Way Northern Chesapeake Fishing Report, November, 2019

Way North Fishing Reports presented by Clyde's Sports Shop 

Way North Fishing Report, November 29, 2019 Update:

Catfish have been the craze in the Chesapeake’s northernmost region recently, with the striper bite seriously slowing down. Clyde’s reported that the cats are everywhere, accessible for shoreline and boat anglers. As usual they’ll eat anything tossed to them, but prefer cut menhaden or chicken breast.

big catfish caught fishing
Stripers may be getting scarce, but fat cats are still willing to play.

If you’re an angler eager to get in on the very last bit of striper season, Clyde’s recommended heading south to the mouth of the Magothy and dropping lines. The fleet has been catching some fish rigging tandem rigs with Stingsilvers and 18 to 20 inches up the line, attaching feather jigs. Fishbone’s reported that anglers trolling have been having scattered success too, pulling large BFGs and Blue Water Candy lures. Although some boats still using bucktails, most of the fleet has abandoned them.

Way North Fishing Report, November 22, 2019 Update:

Fishing is beginning to slow down with dropping water temperatures and blustery days, but fish are still showing up. Besides, chilly days on the water make for the perfect opportunity to get out the thermos, brew some coffee, and enjoy serene views of our Chesapeake country. The Conowingo Dam pool is beginning to see a drop in the action that had remained steady throughout the fall. Herb’s reported that the striped bass bite is now mostly limited to morning hours, when anglers tossing soft plastics and topwater plugs are doing well as the sun rises. Most have been schoolie-sized, with a couple larger outliers. Clyde’s Sport Shop reported the bulk of the keeper bite is coming from channel edges on the Flats and heading south throughout the open Bay. Larger fish are down low and can best be reached by jigging or trolling. Most anglers right now are favoring jigging six-inch white, chartreuse, and pearl Gulp! and BKD lures on a half-ounce jig head. Keeping a depth finder on to locate and target the fish has been essential, especially for jiggers.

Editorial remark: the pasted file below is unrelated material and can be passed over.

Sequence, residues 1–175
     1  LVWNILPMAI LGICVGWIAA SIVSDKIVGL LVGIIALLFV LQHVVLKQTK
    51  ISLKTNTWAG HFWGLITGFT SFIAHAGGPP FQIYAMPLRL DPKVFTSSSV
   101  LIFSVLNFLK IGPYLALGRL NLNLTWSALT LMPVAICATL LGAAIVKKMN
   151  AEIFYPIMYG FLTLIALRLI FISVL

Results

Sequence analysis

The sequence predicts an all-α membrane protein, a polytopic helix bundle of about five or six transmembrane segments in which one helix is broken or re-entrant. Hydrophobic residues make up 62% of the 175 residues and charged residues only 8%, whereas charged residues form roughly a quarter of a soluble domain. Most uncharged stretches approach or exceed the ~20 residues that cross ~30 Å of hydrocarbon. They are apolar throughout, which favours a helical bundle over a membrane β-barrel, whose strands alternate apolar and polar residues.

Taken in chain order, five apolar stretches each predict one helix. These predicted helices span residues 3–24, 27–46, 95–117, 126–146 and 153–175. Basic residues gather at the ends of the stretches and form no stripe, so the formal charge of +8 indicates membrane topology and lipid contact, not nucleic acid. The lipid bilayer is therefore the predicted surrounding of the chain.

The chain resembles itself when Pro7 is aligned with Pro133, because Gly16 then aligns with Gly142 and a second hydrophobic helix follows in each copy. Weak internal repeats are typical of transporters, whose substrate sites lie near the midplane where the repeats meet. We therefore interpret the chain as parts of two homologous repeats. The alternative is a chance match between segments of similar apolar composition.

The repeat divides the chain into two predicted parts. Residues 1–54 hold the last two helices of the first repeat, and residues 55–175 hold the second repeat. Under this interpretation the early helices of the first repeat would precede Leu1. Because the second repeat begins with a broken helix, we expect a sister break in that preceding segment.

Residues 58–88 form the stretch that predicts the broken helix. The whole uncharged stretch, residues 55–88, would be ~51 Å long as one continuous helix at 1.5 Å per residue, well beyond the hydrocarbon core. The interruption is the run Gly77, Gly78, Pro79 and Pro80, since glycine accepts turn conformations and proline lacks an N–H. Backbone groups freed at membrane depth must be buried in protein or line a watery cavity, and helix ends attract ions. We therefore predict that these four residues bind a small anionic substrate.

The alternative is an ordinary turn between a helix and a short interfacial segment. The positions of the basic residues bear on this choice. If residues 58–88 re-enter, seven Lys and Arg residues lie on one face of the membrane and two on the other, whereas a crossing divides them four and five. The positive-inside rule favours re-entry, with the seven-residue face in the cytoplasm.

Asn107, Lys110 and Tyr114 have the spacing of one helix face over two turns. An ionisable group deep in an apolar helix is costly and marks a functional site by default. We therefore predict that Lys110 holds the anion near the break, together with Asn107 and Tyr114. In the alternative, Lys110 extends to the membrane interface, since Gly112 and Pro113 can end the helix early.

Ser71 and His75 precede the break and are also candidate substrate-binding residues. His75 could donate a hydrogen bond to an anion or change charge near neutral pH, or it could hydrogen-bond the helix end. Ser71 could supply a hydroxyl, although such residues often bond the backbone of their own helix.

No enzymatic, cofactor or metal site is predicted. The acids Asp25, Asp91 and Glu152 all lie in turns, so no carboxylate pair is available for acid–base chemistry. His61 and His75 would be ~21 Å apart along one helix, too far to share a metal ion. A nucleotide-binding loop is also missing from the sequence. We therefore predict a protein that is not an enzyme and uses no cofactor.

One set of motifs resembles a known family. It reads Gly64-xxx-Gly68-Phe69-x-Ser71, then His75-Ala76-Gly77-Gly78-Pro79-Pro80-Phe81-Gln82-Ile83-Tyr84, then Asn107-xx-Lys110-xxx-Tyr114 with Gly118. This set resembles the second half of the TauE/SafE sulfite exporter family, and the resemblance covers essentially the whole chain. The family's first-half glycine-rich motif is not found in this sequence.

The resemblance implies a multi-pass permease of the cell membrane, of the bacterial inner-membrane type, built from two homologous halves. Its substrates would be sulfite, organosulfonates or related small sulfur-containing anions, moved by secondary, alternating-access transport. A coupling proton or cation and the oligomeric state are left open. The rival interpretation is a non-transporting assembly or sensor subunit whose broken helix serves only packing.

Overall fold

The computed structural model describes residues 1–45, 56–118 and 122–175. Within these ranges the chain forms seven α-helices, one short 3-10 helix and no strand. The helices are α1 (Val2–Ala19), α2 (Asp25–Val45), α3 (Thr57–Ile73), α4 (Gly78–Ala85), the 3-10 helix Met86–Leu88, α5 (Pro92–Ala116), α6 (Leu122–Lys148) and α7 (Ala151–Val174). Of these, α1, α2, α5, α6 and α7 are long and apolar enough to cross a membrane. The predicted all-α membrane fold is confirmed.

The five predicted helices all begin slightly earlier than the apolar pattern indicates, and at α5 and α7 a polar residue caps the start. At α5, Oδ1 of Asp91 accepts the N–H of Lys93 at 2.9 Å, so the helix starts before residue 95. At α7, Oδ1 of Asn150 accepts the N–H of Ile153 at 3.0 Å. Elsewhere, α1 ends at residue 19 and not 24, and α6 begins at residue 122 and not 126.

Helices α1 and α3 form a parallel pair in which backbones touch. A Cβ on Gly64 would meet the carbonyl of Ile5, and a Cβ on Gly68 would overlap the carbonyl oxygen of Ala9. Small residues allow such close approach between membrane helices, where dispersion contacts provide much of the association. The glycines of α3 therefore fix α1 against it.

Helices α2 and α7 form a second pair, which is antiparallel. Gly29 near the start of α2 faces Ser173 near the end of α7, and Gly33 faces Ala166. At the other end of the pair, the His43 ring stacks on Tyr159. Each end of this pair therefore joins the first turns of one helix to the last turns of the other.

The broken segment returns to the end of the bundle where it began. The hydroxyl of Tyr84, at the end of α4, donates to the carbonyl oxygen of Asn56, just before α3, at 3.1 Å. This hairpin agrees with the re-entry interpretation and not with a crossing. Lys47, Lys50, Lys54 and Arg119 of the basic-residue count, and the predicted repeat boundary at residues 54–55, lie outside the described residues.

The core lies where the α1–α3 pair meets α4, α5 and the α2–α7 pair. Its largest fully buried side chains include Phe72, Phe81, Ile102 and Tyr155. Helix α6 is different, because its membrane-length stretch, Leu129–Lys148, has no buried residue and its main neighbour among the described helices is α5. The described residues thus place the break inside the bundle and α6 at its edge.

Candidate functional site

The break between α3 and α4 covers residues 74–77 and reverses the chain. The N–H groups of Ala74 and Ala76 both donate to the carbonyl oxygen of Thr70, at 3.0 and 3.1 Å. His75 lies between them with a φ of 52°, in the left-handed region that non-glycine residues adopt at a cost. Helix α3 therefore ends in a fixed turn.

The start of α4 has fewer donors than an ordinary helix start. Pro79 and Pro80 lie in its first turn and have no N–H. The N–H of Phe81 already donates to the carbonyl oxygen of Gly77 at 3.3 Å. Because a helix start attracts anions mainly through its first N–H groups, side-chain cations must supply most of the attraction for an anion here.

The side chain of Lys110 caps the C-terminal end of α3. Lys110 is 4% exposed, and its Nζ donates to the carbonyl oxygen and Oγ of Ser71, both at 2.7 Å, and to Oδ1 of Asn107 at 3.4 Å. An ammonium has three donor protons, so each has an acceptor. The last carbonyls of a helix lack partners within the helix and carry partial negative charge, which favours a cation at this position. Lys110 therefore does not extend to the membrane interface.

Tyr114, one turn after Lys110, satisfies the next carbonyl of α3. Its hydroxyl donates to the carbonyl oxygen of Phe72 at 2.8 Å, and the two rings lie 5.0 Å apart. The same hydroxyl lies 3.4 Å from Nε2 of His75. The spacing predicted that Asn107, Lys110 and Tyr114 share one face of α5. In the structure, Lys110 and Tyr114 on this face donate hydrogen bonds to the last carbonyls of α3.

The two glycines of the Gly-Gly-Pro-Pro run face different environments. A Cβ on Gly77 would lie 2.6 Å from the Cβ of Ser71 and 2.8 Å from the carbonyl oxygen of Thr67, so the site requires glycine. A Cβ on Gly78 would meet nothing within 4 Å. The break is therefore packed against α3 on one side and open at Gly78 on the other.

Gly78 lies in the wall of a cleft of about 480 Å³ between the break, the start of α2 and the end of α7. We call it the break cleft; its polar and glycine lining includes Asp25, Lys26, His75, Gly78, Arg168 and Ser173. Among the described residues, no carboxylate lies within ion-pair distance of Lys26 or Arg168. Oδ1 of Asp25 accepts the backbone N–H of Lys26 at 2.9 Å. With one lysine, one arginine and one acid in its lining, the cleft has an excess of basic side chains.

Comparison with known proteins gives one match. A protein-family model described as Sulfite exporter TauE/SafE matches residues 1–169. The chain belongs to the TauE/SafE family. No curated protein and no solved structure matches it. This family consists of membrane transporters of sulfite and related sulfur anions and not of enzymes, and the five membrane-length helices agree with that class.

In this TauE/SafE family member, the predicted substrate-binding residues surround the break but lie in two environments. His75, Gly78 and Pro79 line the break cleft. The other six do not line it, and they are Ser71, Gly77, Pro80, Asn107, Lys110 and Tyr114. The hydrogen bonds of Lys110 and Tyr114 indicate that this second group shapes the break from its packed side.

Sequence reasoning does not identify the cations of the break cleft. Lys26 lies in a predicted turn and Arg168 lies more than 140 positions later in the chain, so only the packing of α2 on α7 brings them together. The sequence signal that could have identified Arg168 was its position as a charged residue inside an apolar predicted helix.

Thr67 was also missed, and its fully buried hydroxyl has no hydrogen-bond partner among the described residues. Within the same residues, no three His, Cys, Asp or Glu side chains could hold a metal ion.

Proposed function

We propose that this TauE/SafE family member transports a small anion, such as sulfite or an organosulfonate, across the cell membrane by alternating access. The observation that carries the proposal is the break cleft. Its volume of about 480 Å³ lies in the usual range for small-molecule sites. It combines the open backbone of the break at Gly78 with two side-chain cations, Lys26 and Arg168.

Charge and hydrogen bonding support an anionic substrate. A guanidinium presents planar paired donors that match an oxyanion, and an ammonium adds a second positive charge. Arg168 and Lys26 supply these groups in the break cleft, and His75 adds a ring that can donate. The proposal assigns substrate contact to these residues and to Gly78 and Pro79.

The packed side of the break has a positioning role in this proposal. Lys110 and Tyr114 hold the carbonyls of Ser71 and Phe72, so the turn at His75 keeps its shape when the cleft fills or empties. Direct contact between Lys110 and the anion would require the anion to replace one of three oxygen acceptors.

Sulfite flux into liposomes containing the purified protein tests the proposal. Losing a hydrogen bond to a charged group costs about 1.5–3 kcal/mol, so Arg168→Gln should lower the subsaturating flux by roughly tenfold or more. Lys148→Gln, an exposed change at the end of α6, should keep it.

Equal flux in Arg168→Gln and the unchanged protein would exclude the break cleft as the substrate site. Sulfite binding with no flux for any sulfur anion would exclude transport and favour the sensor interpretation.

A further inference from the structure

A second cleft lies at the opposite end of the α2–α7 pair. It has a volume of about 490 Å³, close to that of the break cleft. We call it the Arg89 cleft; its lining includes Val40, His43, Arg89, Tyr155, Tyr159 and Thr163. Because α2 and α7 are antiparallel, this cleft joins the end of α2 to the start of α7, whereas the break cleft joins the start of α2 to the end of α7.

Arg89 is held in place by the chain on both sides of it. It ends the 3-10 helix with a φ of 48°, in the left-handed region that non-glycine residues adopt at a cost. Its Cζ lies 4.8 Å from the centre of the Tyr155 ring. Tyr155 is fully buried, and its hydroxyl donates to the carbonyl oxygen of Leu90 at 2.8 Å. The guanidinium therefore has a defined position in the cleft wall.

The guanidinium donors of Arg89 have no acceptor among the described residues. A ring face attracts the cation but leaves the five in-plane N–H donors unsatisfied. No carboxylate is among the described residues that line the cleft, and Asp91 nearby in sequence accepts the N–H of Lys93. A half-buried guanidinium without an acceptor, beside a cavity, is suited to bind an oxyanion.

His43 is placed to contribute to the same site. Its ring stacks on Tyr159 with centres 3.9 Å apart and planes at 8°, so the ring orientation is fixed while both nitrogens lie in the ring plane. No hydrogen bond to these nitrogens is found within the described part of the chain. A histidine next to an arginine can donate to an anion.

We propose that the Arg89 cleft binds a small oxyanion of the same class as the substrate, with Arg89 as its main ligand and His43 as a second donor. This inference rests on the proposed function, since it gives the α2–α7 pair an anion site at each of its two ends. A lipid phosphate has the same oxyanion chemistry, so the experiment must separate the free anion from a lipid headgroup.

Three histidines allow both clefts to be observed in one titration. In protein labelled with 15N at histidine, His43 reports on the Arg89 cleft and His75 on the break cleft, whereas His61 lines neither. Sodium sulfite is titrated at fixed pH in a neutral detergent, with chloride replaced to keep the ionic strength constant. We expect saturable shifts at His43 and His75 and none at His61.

striped bass angler holding up fish
Most of the fish are on the small side, but plenty of keepers can be found!

Trollers are benefiting from the stripers' taste for bucktails with plastic shad, and umbrella rigs weighted down with inline weights. It’s been super important to keep your rigs close to bottom where the bigger fish are resting. Regardless of how you’re choosing to target the stripers, make sure to be on the lookout for birds. Plenty of the catch right now is coming to anglers who have been diligent watching for them and jigged underneath fish boiling on the surface.

Anglers going after catfish are doing exceptionally well hitting the mouths of rivers and throughout local creeks. Catfish aren’t picky, and will eagerly take chicken breast or menhaden. If you’re cruising the rivers in search of catfish or perch, dropping bloodworms on a bottom rig in a deep area – perch have completely abandoned the shallows at this point – is a great opportunity, too.

Way North Fishing Report, November 14, 2019 Update:

Wintry weather is finally upon us, and while you may be a bit cold on the water, the fishing is still hot. The Conowingo Dam, Susquehanna Flats, and the lower river remain the best areas in the northernmost parts of the Bay, by far. Throughout the day, tossing soft plastics far into the dam pool is providing plenty of schoolie stripers. The best time to be fishing has been morning time at the dam and on the Flats. The topwater bite has been hot in both locations, too, and Clyde’s added that the Key Bridge area has had a fairly good topwater bite as well. Six-inch white, chartreuse, and pearl Gulp! and BKD lures on a half-ounce jig head have been doing especially well. Herb’s suggested keeping a depth finder on to locate schools of stripers near the bottom around the channel edges. Trollers are also taking advantage of the bite, and many are scoring larger fish off the bottom with bucktails, spoons, and hoses.

huge rockfish in the susquehanna
While the bulk of the catch may be schoolies, intrepid angler Dave McCollum proved there are some bigger fish around, too.